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What were her conclusions?

(I'll just echo everyone else's comments that this is a fascinating thread.)

by ThatBritGuy (thatbritguy (at) googlemail.com) on Tue Jul 18th, 2006 at 12:16:29 PM EST
[ Parent ]
Ann Fausto-Sterling's current study is still work in progress but here are a few quotes from her about her current work:


I pursue an ongoing discussion among feminist theorists about the sex/gender distinction. I argue that this distinction is of limited use when thinking specifically about the body and biology and that we need to develop new theoretical approaches in order to analyze the interplay between biology and culture. To work in that direction I consider sex/gender differences in bone development. Bone is often considered to be a hard, permanent substance, a reflection of pure biological (sex) difference. Use, diet, and cultural habits, however, shape bones. The biology of bone is as much a result of culture as it is some inchoate pre-existing biology. I challenge feminists to use dynamic systems and life course theories to look at difference, even biological difference, as something that is never finished, but continually and dynamically produced from moment to moment.

... one goal of this project [the study of the emergence (or not) of sex differences among young children] is to break away from the centuries old nature/nurture debate in order to offer a more productive approach to understanding human development.

Her web site has a lot more links to her past work including pdf versions articles and some books you can read excepts of through Amazon.

by Alexandra in WMass (alexandra_wmass[a|t]yahoo[d|o|t]fr) on Tue Jul 18th, 2006 at 02:09:01 PM EST
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Cool quote!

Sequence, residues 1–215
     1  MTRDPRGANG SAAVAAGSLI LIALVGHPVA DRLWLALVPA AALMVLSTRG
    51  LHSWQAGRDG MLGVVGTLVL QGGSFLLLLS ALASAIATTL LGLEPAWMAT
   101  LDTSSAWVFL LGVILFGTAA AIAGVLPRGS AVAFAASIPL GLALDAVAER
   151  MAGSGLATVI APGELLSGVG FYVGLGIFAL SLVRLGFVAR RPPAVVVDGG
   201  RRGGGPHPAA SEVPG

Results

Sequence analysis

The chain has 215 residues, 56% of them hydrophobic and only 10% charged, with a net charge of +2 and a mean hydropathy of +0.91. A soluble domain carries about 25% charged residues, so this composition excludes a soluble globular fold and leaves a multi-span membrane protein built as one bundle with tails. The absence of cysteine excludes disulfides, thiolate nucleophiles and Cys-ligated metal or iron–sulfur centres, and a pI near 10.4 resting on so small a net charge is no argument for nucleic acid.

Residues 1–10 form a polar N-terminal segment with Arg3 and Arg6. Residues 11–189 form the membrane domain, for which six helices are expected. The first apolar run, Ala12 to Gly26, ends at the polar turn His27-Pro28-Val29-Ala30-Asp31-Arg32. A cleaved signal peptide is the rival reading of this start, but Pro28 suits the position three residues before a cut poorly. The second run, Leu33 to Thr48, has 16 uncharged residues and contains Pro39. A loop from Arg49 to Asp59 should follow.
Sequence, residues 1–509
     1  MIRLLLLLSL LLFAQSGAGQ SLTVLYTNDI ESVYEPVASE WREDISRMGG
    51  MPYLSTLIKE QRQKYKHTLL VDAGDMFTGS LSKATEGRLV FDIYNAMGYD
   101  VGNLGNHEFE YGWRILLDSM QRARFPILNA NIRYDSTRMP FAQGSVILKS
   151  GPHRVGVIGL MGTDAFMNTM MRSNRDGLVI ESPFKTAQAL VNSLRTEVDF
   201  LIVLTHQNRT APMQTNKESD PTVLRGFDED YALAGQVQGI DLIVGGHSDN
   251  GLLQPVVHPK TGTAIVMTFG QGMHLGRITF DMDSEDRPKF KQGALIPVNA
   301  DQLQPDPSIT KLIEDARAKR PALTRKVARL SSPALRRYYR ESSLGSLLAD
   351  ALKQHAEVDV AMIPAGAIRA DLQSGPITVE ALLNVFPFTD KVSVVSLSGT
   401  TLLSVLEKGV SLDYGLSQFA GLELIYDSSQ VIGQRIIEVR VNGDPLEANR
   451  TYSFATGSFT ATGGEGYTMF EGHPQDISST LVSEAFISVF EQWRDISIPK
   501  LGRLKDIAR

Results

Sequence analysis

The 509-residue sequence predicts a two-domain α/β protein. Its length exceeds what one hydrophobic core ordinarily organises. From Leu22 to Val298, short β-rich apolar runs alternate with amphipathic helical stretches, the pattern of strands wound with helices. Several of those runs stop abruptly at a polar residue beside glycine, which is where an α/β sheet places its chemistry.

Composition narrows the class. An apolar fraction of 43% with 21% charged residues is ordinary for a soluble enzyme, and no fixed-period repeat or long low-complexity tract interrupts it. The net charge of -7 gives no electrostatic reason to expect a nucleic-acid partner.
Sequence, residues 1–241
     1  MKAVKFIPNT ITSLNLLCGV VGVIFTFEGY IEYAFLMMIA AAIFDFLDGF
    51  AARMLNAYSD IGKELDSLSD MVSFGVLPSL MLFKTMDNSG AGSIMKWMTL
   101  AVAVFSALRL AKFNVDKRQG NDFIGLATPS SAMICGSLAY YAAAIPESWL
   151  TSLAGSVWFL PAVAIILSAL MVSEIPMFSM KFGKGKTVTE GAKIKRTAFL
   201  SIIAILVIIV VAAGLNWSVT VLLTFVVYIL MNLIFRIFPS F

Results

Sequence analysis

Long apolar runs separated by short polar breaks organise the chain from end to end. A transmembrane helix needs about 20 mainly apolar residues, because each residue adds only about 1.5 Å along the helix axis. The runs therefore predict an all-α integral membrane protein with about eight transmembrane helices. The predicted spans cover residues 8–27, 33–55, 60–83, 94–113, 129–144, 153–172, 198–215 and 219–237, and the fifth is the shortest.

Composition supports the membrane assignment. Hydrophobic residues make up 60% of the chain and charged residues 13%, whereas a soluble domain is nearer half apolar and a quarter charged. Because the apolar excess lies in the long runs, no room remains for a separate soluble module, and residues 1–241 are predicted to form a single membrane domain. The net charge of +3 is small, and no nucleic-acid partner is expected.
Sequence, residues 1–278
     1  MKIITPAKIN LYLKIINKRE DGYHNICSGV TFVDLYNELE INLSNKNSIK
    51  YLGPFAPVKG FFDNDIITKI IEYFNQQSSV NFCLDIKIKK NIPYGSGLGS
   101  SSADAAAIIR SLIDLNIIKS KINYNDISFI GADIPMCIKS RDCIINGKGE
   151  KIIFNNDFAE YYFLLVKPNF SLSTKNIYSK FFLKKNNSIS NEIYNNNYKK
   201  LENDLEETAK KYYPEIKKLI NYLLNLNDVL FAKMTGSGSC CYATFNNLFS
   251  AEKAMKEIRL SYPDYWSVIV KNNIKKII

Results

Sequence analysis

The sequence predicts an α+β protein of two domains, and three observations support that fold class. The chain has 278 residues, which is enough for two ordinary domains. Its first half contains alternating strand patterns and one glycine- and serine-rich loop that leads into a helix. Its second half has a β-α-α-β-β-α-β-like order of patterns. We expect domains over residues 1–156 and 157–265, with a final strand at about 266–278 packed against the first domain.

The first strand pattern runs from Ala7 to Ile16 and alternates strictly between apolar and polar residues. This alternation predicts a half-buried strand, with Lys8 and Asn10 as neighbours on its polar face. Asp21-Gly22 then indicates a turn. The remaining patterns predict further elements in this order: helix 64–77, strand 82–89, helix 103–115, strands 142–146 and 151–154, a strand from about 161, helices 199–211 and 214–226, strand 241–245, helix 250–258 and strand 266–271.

That even many biologists can't get loose of thinking of expressions of genes and culture as sharply distinct (e.g. nature vs. nurture, rather than interplay of both) is one of my big annoyances.

*Lunatic*, n.
One whose delusions are out of fashion.

by DoDo on Tue Jul 18th, 2006 at 02:18:42 PM EST
[ Parent ]
It's Fausto-Sterling's ability to describe the complexities of studying this interplay of nature and nurture and how to move beyond the dichotomy which made her presentation particularly interesting to me. I guess I'm just hard wired to find the complexities of thing/life more fascinating.
by Alexandra in WMass (alexandra_wmass[a|t]yahoo[d|o|t]fr) on Tue Jul 18th, 2006 at 03:04:17 PM EST
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I think that this comes naturally that environment is a sociological phenomenon and genes is a biological one. Such diverse disciplines don't share concepts or language sufficiently to interact readily.

I see now why what I wrote had parallels. I have more extensive writings (I'm developing a transition diary) that detail my attempts to accept culture and deny nature (outwardly succesful, but created miserable internal issues).

keep to the Fen Causeway

by Helen (lareinagal at yahoo dot co dot uk) on Tue Jul 18th, 2006 at 03:25:18 PM EST
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I'm glad ThatBritGuy's question forced me to elaborate a bit more and thus clarify why your fascinating diary reminded me of Fausto-Sterling's work. One of the challenges in doing interdisciplinary work such as hers, and one of the reasons I think she makes important contributions, is the difficulty of understanding the concepts and language of the various disciplines as well as the ability to talk to the different audiences in a language that they understand and can take seriously.